Job Supply Deficit in India

India is heading for a job supply deficit says the International Herald Tribune (article here). The paper quotes a NASSCOM survey to show that only one in four engineering graduates is considered employable. The reasons have been open secrets for the past decade: lack of depth in technical knowledge, lack of English speaking skills, lack of team skills. Over the past few years, I’ve had the occasion to stand in on and conduct several interviews for engineers in India’s IT capitals, Hyderabad and Bangalore. What I noticed first hand was that they could be broken up into categories based on types of ignorance:

1. Ignorance of technological basics (such as a software engineer who fails to differentiate between an OS and a programming language. Or who doesn’t know what is a Software Development Lifecycle).

2. Ignorance of latest developments in their specific technical arena (While those in this category are sound on the basics, they are not aware of the latest versions of the very development platforms on which they work and earn their living, or of any of the technological changes in the field. Inexcusable in the Information age).

3. Ignorance of Business applications of technology: These are those young engineers who cant tell what is the role of the software they’re developing in the client’s business, or even what is the very business function that it addresses.

4. Ignorance of People skills: These are those brilliant minds that know not what to say and where. That are totally tongue tied with strangers and turn mute if forced into a group that contains members of the opposite sex. Social inhibition, conservative atmosphere of Indian society and lack of training in leadership skills at school level all contribute to this.

5. Ignorance of social etiquette: Coming to a corporate meeting unshaven while wearing bathroom slippers maybe “cool” but never “acceptable”.

6. Lack of adaptability: Cannot adapt to change of town, much less change of country. If based abroad, they never try to integrate or embrace the local culture.

7. Trend chasing: Running after whichever technology is hot this season and doing a course for certification in it, irrespective of aptitude and career plan. Examples include Y2K, e-commerce, .net, Cold Fusion…the list goes on…most prominent is SAP consultancy. Every dissatisfied IT engineer wants to do a SAP course since SAP implementation jobs are high paying whereas it contributes little to the resume in the long-run.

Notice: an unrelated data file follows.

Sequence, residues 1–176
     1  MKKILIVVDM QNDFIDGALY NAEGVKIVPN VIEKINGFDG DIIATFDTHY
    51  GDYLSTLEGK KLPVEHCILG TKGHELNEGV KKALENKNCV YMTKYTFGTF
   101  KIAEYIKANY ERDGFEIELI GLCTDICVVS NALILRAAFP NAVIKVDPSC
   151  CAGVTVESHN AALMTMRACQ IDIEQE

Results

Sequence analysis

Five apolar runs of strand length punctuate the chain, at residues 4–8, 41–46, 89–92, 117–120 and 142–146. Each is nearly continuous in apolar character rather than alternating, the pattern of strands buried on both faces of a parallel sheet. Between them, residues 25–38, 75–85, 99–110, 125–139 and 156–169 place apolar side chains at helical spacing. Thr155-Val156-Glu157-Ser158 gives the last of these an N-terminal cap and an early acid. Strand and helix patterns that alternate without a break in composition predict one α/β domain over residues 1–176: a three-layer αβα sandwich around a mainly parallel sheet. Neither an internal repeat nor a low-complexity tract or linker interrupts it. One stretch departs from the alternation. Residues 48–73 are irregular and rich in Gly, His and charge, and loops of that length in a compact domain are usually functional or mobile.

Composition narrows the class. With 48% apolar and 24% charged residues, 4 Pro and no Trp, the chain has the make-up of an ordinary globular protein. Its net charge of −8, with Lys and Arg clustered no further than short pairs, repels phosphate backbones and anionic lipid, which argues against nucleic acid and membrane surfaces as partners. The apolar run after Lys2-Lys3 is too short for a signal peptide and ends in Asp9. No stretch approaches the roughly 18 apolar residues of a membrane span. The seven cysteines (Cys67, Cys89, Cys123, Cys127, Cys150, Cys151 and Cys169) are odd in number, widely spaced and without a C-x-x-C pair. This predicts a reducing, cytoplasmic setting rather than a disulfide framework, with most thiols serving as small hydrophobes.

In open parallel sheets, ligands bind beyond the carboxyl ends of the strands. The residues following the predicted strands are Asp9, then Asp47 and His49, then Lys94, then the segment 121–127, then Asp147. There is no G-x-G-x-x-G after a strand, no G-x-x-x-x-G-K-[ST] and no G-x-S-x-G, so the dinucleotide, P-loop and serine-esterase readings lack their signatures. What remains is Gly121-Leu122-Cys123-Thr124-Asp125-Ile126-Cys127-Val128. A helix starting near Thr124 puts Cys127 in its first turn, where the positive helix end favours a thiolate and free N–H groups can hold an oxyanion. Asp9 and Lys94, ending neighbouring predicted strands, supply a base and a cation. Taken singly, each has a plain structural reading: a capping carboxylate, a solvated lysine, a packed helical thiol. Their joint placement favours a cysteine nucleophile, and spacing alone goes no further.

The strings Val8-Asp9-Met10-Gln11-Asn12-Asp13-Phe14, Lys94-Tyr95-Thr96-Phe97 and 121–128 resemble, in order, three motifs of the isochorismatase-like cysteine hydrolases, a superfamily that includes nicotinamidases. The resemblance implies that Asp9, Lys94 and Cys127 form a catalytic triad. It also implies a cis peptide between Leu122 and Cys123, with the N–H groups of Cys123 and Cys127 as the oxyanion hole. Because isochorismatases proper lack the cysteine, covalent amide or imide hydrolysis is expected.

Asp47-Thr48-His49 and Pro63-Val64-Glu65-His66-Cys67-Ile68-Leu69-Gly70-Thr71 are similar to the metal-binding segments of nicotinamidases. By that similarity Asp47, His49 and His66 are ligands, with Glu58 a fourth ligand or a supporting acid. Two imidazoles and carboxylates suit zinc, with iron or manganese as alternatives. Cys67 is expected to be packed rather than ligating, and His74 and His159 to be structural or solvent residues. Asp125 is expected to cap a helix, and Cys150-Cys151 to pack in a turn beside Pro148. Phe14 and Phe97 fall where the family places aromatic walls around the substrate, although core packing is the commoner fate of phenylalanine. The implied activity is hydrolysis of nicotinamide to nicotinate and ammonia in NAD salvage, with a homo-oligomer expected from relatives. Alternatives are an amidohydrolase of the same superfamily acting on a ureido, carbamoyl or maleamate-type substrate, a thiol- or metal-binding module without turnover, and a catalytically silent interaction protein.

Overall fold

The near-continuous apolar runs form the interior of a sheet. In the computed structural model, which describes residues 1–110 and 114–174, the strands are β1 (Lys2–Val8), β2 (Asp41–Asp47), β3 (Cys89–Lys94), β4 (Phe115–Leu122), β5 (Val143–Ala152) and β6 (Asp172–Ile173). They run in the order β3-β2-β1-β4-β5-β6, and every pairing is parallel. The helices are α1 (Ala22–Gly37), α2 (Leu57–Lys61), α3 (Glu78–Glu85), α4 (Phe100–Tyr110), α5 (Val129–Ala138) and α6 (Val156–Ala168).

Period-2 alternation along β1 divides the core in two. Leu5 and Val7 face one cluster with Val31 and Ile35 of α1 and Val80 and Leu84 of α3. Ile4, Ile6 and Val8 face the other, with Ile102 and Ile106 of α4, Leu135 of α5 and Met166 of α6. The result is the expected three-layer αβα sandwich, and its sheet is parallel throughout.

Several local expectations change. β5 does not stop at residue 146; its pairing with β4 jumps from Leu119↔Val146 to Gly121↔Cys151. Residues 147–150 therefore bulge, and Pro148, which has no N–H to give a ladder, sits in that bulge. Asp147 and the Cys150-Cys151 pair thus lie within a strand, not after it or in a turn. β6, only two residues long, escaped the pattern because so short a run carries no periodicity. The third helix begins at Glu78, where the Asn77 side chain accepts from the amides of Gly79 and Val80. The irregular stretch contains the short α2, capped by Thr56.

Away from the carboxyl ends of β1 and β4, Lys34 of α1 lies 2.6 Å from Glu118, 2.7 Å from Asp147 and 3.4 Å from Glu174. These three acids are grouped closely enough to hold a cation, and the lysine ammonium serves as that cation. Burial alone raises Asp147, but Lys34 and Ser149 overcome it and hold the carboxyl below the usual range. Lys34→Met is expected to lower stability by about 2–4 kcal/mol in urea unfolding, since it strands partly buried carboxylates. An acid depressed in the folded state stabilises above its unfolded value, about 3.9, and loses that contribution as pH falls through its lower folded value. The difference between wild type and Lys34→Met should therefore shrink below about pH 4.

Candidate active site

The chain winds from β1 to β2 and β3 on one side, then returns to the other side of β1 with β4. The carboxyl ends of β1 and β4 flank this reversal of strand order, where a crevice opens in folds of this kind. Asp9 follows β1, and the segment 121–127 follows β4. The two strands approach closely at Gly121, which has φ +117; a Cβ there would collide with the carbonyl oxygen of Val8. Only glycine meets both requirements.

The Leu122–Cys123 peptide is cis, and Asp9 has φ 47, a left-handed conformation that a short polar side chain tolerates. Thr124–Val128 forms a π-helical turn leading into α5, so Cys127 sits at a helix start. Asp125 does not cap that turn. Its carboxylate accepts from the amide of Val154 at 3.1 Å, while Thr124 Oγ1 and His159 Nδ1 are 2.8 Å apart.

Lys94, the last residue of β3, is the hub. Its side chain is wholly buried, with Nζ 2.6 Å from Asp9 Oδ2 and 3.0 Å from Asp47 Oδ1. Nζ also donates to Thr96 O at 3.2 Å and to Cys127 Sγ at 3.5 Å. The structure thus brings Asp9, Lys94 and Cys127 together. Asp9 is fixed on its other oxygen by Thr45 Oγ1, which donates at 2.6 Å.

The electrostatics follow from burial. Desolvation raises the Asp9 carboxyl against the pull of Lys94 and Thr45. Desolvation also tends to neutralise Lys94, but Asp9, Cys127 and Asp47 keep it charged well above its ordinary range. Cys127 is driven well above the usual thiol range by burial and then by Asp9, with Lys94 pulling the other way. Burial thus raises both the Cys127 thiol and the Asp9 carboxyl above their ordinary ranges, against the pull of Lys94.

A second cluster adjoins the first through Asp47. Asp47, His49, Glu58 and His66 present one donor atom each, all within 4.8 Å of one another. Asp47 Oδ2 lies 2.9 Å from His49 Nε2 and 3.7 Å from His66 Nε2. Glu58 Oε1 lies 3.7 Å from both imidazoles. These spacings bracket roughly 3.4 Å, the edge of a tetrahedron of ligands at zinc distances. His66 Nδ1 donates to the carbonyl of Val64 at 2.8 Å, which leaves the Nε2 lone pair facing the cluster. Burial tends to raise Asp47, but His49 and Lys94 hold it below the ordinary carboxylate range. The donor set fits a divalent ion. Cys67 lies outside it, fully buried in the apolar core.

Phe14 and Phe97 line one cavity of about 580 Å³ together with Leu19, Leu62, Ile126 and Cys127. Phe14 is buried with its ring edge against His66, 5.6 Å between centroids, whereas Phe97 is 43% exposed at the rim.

8. Functional Cocoons: This category of techies has such a high degree of specialisation that they never invest in enhancing their skills.

9. Directionless jobhopping: Frequently changing jobs for no reason except higher pay. No focus on career planning or personal development is noticeable.

10. Poor language skills: Inability to describe effectively even the projects that they’ve completed as students, in comprehensible English, or even in their mother tongues.

These 10 ghosts of sins past haunt the Indian IT industry. The ten heads of the demon that ferment and grow in uninspiring Indian IT factories.

We need a change, we sure do.

2 responses to “Job Supply Deficit in India”

  1. M B Sivaramakrishnan says:

    Dear Mr. Karthikeya,

    Nice to read your article.

    I am HR consultant in Chennai and I too have encountered similar problems while recruiting people.

    I have addressed few colleges also, and despite the employment boom, these institutions are yet to wake up to make their students EMPLOYABLE.

    The time has come for all the stakeholders, viz.. The institution, industry, parents, students take a firm step, before it is too late.

    Keep in touch,


    M B Sivaramakrishnan
    hr4nation@gmail.com, hrs@hr4nation.com

  2. tushar says:

    Hi Karth, nice to see you contributing. Hope to interact with you in cyberspace.

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